Libyan Rebels Capture Parts of Tripoli
Albert Einstein once said that if you put your hand on a hot stove for a minute, it seems like an hour, but if you sit with a pretty girl for an hour, it seems like a minute. That's relativity. This behavior in human feelings occurs in every subject and experience, and the influence of such feeling in public opinions on politics is one of the greatest forces in current affairs.
With the breaking news of the fall of parts of Tripoli to the Libyan rebels to an amazingly limited resistance, the effects of such relative contrasts will soon be seen amongst public opinions outside Libya. Qaddafi’s son Saif al-Islam has been captured already, and “success” can be seen in the many pictures of flag waving in a Libyan version of La Liberté Guidant le Peuple.
The civil war has lasted about half a year, and when NATO decided to begin aerial bombardment of Qaddafi, public opinions against the decision was very high, and when it looked like Qaddafi might be regaining power and the resistance would be largely crushed back to something like the Emmanuel Goldstein proportions of Nineteen-Eighty-Four, many were condemning the cost of supporting those rebelling against a Tito who has repeatedly brutalized himself and his sycophantic or coerced supporters. But the scenes now coming from Tripoli and Libya will change that. Publics have always enjoyed a “good war”, one where the battle is won, quickly and with little cost. George E. W. Bush received the highest level of approval in those slippery presidential approval ratings that any president has ever received, due to the successful outcome of the first Gulf War. Of course, Saddam was not removed that time, and so “success” here is relative of viewpoint, and with the longer period of time taken to free Iraq from despotism and the public opinion towards that operation, it’s not difficult to see why politicians may have reached their decisions the first time around.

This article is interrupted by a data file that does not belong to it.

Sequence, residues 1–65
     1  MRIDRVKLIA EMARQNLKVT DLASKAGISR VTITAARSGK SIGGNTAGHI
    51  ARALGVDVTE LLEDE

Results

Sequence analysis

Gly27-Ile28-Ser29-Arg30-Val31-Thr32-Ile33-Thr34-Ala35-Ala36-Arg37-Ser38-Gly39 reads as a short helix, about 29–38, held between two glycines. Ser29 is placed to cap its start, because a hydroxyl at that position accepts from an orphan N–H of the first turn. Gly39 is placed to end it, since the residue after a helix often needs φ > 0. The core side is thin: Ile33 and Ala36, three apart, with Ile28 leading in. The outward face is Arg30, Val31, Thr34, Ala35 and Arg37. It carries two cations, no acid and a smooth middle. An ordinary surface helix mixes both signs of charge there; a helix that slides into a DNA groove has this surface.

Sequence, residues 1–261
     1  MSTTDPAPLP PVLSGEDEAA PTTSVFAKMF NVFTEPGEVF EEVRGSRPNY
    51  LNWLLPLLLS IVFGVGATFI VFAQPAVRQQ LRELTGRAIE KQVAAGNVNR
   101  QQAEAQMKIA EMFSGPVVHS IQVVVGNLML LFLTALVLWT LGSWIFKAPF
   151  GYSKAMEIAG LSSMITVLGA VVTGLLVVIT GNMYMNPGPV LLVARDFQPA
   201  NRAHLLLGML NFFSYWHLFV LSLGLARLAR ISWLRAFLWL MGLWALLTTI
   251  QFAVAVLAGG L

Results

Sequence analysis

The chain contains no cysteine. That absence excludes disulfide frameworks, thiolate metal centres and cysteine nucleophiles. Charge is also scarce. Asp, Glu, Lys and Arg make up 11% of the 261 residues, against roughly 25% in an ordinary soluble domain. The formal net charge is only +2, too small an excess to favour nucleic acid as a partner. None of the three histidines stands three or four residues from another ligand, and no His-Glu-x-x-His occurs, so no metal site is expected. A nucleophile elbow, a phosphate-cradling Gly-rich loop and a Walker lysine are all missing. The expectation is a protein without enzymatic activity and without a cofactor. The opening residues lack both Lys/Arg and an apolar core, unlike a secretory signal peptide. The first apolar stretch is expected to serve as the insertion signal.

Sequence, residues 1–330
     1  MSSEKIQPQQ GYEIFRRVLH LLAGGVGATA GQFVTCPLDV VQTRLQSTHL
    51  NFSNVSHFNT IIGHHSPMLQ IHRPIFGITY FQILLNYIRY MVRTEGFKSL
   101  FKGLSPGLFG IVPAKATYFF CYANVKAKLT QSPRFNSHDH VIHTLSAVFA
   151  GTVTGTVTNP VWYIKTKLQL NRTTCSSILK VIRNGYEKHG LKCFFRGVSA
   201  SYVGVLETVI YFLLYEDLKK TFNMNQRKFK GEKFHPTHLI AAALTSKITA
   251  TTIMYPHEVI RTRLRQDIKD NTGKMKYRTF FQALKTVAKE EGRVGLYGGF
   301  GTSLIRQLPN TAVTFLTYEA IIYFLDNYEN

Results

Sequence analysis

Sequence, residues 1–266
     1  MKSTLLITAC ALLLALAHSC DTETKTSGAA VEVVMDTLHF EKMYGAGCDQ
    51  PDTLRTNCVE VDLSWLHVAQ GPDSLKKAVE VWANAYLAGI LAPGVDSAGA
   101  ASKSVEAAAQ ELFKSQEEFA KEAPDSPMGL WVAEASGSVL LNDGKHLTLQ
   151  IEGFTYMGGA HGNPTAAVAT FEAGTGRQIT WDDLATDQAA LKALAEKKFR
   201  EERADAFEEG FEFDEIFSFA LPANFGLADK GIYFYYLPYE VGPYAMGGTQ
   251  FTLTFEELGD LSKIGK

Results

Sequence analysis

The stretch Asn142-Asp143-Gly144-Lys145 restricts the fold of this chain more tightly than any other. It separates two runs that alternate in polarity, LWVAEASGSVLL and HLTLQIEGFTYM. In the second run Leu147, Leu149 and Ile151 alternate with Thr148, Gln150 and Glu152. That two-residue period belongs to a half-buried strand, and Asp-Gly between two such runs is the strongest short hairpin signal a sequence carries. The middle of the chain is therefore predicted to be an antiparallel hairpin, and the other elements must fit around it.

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In the years to come, this half a year of struggle against Qaddafi will fade like Bush’s approval ratings did. Once Qaddafi has finally gone a majority of the outside world will feel assured that there will be no chance of the resistance fading and the struggle against Qaddafi having been in vain. It will have been, from their point of view, a “good war”, let alone how it can be seen for Libyans. For most people outside of Libya, in particular NATO countries, what is desired is a good investment. This will have been a good investment, for possible months, if not years ahead of uncertainty over an outcome are now beginning to be seen as not just highly unlikely, but almost improbable.